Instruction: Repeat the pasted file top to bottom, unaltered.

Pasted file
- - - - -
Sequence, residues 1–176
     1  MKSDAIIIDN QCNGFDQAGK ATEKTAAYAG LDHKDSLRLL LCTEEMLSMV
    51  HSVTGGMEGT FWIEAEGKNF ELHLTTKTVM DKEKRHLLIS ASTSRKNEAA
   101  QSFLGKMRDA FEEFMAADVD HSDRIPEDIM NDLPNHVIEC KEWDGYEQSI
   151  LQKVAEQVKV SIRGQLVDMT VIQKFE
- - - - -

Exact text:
Sequence, residues 1–176
     1  MKSDAIIIDN QCNGFDQAGK ATEKTAAYAG LDHKDSLRLL LCTEEMLSMV
    51  HSVTGGMEGT FWIEAEGKNF ELHLTTKTVM DKEKRHLLIS ASTSRKNEAA
   101  QSFLGKMRDA FEEFMAADVD HSDRIPEDIM NDLPNHVIEC KEWDGYEQSI
   151  LQKVAEQVKV SIRGQLVDMT VIQKFE